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This column was originally published on RealMoney on July 21 at 3:46 p.m. EDT.

To forecast



in the autumn of 2005, let's talk about


in the autumn of 2003 and what one hit product can mean for a low-double-digit mobile-phone brand.

Back in 2003, Samsung had just consolidated its No. 3 position in the phone market, having elbowed out


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after an evenly matched battle. Samsung's market share at the end of 2003 stood at 10.1% -- a decent, though somewhat precarious position. Then came the E-700, and Samsung was transformed. In six months, the hot clamshell with a luxurious, 65,000-color display helped boost Samsung's market share to 14.8% from 10.1%. The company had other popular models out, but this single model transformed Samsung in major GSM markets, helping add nearly 5 percentage points of global share in just half a year.

The media loved the story, and Samsung was the cover girl of both technology-oriented magazines and business publications, and phone experts began projecting 20% market share. But Samsung's market share peaked in the second quarter of 2004 and has not reached that level again. The market share may have slipped to 13% during the second quarter of 2005.

Samsung has had plenty of follow-up models after the epic success of E-700. Right now the D-500 slider variants are selling well in Europe and Asia, but the company has not been able to match the roaring success of its definitive hit model. It was a sweet, six-month ride for Samsung, but the company has not demonstrated any real market-share momentum after the E-700 began fading in the summer of 2004.

This brings us to Motorola, which launched its own haymaker, RAZR, back in October 2004. Largely because of the success of this model, Motorola's market share has rocketed from 13.4% in that quarter to perhaps 18% in the second quarter of 2005. That's a 5-percentage-point market-share gain mostly because of one hit product. As a matter of fact, that's eerily like the E-700 magic Samsung conjured up nine months earlier.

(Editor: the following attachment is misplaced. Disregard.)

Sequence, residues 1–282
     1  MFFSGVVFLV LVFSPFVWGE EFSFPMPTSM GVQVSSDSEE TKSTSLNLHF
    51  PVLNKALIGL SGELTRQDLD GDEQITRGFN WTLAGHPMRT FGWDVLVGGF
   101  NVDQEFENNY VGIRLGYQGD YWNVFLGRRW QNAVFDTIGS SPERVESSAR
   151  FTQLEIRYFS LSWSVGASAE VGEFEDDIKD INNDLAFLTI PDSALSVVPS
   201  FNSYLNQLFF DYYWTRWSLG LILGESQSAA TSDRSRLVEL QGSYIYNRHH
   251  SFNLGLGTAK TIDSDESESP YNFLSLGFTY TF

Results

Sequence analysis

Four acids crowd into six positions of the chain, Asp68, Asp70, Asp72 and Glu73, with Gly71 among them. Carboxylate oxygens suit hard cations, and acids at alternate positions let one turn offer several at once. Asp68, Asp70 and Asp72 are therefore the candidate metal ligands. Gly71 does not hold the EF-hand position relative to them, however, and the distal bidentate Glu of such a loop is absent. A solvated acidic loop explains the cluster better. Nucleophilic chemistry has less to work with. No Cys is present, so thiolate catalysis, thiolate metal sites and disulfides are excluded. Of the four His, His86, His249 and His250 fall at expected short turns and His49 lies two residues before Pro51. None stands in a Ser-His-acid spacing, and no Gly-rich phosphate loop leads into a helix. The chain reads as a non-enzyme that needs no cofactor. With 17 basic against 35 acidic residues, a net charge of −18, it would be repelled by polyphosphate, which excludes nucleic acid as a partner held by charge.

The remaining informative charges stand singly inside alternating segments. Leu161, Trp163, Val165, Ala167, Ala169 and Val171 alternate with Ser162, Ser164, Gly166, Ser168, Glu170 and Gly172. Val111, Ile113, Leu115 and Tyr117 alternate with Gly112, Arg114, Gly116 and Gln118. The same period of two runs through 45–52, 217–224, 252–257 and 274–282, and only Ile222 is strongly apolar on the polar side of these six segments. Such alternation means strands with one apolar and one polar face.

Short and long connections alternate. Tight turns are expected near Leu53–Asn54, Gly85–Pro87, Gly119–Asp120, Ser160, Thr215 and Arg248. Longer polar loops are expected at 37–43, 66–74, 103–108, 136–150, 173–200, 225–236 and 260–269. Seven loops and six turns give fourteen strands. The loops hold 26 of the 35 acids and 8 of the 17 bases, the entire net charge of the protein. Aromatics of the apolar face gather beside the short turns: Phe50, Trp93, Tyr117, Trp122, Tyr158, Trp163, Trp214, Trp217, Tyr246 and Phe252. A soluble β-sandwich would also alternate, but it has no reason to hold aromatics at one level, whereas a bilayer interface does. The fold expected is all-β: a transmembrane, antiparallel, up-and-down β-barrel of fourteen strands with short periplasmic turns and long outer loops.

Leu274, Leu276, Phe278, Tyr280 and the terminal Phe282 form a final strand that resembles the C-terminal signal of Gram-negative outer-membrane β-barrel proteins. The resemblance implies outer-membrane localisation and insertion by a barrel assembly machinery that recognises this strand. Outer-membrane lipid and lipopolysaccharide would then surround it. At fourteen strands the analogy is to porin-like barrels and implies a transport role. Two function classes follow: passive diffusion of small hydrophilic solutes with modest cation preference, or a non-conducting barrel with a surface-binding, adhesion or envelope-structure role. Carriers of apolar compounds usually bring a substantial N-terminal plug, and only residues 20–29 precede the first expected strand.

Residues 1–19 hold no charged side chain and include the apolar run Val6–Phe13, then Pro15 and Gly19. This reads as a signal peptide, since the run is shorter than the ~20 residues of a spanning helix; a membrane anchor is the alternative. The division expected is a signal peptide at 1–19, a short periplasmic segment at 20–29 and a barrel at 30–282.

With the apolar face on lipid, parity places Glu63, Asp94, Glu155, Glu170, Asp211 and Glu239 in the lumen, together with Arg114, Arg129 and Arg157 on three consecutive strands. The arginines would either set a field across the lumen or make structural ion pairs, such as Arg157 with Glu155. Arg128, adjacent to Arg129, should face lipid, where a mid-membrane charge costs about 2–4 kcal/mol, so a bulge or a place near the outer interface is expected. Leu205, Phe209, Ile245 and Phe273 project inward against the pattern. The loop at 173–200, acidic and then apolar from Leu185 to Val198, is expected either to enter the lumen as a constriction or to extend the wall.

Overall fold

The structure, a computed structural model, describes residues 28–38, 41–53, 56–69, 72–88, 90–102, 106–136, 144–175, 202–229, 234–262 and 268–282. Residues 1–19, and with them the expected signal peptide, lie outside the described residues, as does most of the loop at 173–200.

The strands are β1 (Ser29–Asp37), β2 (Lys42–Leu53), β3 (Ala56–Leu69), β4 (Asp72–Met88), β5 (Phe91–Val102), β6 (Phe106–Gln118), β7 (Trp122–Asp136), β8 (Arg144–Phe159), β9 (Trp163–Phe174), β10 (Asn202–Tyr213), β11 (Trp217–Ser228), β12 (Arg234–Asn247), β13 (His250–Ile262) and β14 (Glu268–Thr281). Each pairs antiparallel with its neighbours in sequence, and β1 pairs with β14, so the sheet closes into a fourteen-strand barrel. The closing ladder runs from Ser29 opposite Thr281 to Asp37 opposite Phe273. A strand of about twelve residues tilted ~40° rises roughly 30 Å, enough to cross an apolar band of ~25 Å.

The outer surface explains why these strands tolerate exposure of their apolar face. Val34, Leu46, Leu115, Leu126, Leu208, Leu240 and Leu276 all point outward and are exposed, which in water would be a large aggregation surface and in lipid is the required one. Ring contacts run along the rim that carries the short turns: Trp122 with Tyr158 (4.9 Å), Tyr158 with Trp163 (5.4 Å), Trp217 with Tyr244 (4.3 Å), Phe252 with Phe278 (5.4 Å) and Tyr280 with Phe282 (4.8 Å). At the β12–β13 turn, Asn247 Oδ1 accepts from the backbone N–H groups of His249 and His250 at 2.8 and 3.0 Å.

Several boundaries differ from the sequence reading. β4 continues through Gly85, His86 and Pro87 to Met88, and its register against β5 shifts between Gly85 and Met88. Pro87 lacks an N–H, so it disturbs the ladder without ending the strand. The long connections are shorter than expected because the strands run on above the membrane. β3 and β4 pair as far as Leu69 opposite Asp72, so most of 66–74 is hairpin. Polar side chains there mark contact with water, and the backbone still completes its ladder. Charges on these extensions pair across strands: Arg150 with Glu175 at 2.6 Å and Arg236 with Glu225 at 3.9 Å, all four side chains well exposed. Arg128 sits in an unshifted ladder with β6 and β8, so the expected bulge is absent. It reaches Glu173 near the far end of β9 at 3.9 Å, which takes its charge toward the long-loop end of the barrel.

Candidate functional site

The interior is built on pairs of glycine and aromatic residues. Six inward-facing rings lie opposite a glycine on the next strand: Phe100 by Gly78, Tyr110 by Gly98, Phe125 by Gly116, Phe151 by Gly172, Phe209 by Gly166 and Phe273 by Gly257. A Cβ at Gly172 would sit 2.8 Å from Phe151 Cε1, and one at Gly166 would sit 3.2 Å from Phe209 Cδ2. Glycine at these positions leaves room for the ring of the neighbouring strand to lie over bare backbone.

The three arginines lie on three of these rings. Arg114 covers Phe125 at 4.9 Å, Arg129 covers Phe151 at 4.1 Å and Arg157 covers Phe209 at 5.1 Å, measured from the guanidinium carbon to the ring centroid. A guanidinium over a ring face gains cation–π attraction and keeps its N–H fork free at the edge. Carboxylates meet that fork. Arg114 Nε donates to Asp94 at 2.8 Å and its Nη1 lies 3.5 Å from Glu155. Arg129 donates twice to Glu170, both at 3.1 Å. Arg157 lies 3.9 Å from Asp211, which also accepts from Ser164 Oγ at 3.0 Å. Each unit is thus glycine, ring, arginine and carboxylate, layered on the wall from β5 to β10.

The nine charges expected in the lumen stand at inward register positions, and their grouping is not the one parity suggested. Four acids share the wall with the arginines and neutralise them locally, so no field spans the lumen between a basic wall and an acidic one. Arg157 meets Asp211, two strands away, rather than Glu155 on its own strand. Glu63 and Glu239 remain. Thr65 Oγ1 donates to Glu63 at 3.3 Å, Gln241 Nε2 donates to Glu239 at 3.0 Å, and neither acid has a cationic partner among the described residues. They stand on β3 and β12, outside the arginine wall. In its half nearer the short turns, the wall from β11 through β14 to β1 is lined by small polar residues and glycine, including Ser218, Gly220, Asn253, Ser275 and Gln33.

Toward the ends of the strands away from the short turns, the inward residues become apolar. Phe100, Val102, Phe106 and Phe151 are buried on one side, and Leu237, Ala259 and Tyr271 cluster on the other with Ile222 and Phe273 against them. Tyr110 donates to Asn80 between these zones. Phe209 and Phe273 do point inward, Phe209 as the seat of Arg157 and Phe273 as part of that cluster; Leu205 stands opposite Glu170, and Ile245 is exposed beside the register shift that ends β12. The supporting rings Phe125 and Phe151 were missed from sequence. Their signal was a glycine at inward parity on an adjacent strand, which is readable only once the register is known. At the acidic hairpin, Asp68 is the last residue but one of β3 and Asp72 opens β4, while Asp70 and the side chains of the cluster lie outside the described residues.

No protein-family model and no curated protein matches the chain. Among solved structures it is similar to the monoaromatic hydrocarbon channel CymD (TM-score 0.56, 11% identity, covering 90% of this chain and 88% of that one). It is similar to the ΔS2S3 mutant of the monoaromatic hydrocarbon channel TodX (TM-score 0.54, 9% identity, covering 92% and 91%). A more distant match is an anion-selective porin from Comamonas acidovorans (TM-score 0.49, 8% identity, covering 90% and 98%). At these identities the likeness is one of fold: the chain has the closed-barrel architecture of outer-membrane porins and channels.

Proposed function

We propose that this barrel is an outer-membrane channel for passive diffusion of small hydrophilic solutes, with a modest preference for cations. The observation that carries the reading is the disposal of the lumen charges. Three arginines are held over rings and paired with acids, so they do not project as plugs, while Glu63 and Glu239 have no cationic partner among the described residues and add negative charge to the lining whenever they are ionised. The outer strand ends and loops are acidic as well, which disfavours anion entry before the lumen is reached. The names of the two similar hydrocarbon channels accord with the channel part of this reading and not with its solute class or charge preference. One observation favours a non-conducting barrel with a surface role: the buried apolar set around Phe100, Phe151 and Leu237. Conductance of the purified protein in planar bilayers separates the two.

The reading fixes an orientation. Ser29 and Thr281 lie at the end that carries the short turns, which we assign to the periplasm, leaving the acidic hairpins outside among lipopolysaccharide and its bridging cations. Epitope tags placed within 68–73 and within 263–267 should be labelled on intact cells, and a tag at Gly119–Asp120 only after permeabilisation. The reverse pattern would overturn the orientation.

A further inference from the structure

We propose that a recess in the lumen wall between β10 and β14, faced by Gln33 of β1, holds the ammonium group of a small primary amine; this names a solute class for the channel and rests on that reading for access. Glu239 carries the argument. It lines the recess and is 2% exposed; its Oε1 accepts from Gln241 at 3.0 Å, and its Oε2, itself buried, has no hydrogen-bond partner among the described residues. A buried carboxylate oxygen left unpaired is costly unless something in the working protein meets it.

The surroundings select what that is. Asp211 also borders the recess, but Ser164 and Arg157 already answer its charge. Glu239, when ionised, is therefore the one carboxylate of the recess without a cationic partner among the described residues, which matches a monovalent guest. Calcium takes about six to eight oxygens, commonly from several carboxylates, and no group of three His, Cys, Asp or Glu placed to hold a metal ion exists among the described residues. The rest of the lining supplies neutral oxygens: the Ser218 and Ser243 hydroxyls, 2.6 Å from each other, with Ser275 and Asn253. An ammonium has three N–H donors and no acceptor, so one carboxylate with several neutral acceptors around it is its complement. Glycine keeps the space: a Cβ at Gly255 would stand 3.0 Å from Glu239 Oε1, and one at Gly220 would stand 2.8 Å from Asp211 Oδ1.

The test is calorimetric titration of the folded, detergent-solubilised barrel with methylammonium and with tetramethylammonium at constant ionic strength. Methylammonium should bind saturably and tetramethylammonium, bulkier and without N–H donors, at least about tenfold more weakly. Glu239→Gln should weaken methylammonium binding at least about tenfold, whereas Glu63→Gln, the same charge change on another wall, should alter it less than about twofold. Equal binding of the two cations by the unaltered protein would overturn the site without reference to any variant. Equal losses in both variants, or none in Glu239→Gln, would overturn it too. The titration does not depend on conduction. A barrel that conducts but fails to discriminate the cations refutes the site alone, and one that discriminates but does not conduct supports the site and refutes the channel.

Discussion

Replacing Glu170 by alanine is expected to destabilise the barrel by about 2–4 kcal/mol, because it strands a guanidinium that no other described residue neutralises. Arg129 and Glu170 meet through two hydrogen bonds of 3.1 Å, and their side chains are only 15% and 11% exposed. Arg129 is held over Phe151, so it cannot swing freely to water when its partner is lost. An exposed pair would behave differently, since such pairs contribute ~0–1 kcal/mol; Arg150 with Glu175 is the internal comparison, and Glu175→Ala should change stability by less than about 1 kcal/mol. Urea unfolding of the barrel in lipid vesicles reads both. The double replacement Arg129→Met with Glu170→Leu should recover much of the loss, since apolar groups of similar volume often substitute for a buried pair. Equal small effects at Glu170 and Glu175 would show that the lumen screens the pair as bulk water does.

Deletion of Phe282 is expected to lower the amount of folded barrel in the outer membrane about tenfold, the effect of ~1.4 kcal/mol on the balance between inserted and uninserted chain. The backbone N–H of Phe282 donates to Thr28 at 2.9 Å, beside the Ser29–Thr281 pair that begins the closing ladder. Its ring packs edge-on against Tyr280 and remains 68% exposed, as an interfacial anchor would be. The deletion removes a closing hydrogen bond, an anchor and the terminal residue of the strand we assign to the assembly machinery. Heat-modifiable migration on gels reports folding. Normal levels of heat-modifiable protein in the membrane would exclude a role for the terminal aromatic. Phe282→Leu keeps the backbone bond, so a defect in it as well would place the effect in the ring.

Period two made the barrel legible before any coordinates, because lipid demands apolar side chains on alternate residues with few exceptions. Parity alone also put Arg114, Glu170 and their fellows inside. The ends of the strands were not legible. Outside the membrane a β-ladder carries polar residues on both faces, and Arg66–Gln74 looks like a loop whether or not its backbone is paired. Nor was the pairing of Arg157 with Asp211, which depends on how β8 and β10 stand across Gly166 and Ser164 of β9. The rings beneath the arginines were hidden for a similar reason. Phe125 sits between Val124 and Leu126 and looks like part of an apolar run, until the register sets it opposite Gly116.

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And that's the problem. A major hit can deliver a 5-point boost to a second-tier phone vendor -- but it creates an extremely difficult transition period once the clock strikes midnight. Nine months happens to be the effective life-span for most phones -- after that they tend to turn into bargain-basement pumpkins. Samsung has been forced to boost its marketing expenses radically to maintain its phone volumes after the E-700 ran out of juice in early 2005. The new sliders are nifty, but they cannot bottle the lightning that made E-700 sizzle in the summer of 2004.

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RAZR debuted in October 2004. That was 10 months ago. There's no doubt the old warhorse still has some fight left in it, but it won't survive the competition that is arriving this autumn. New models from rival brands feature better cameras, better software and more memory, and they also pack new design features that are either directly competitive with the RAZR (Samsung's new ultra-slim models) or subtly undercut RAZR by shifting to new niches (the slider and music-player models are arriving just about now).

No phone lives for two Christmases, and Motorola is currently prepping RAZR's follow-up models for the new Christmas season. PEBL is an ovoid version of RAZR, and SLVR is a bar-phone version of RAZR. If there is one ironclad rule in the phone industry, it is that no sequel ever does as well as the original design. The real blockbusters tend to be one-off designs that capture consumer interest by being different than the previous hit, not by copying and refining an existing trend.

Motorola may break the rules and maintain its market-share growth in the fourth quarter of 2005. It may turn PEBL and SLVR into hits even bigger than RAZR, climbing to 20% market share by end of year. But I don't believe that.

More likely, Motorola will follow the Samsung route and have a good third quarter and then face a difficult transition as RAZR runs out of steam and a new generation of challenger models rolls in.

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Tero Kuittinen is a Senior Product Specialist for Nordic Partners, Inc., a pan-Nordic brokerage firm. Although Kuittinen is an employee of Nordic Partners, Inc., the statements above are being made in Kuittinen's personal capacity and are in no way are the statements of Nordic Partners, Inc., nor attributable to the company. At the time of publication, Kuittinen had no position in any securities mentioned in this column, although holdings can change at any time. Under no circumstances does the information in this column represent a recommendation to buy or sell stocks. Kuittinen appreciates your feedback;

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